who revelled in having produced a boy who was a natural
December 1799 Fritichen arrived home for the Christmas break
after his first semester a stiff-necked, strutting little boy.
It was near the end of those holidays that his 19 year old
eldest brother, Nicholaus, died in a fall from the roof of Schönwald
at some time during the night of the New Years celebrations to
welcome in the new century.
stunned and bewildered child returned to school for his second
semester, travelling with his grieving brothers.
Bethmann, who had been the third son, was now the second
eldest, and therefore would no longer go on to officer’s
school, but would attend an agricultural college in his senior
year in order to prepare him to administer the von Puttkamer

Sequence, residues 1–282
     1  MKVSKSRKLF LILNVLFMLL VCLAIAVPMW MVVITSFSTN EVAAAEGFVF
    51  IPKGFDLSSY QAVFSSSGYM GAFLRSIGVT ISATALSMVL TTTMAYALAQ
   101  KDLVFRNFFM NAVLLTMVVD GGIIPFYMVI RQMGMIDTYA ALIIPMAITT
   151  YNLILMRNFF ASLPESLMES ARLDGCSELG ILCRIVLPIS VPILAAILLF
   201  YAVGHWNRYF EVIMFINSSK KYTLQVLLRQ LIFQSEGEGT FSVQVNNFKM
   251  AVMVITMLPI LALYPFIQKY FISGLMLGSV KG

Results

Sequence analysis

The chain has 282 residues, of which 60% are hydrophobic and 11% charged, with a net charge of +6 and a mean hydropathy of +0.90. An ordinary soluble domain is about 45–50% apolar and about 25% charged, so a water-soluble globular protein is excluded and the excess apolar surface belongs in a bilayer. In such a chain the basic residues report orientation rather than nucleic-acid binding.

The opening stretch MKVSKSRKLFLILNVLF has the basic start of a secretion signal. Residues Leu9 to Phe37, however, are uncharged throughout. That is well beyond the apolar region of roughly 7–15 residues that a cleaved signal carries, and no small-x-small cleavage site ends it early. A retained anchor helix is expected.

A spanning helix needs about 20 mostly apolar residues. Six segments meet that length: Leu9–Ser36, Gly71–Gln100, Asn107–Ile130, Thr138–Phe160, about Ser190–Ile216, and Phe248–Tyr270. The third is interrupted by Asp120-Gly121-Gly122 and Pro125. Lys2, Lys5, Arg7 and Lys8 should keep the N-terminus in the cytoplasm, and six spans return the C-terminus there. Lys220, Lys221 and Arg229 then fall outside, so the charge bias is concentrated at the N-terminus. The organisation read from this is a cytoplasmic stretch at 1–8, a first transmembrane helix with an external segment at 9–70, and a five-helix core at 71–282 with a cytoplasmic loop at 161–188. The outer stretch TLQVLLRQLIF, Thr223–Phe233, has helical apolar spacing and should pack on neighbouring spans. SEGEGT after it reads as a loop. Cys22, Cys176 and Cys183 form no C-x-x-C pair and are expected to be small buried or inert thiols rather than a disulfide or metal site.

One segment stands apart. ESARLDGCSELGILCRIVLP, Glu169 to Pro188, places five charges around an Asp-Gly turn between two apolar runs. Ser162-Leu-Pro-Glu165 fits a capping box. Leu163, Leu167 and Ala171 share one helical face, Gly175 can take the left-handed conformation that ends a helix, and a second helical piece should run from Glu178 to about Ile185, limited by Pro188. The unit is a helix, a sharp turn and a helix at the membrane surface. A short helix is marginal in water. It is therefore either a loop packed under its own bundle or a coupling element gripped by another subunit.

to Fritichen, was the real horror. More than the death
of the heir, that he’d died ignominiously; more than losing
a brother; more than seeing his father age 10 years overnight;
more than the servants saying that it was a bad omen for the
new century to start with the mysterious death of the heir;
what made Friedrich cry out at night was the idea that a boy
could have his intended future torn away from him by something
he could not anticipate or control.
did not understand that Bethmann felt relief that he was not
facing a lifetime in the army, and guilt that he felt as if
he’d benefited from his brother’s death; nor did he notice
that Oskar envied Bethmann. He didn’t comprehend the
whispered comments that Adalbert looked so pleased to have
become the heir that if people hadn’t been with him in the
drawing room at the time Nicholaus went up onto the roof
alone, they would have been suspicious.
the next eight years, life went smoothly for Friedrich.
He changed from an arrogant strutting little boy into an
arrogant, pompous youth, he grew out of being Fritichen by
growing taller than his brothers, he earned more insignia than
either of them, he lost his virginity, he earned the right to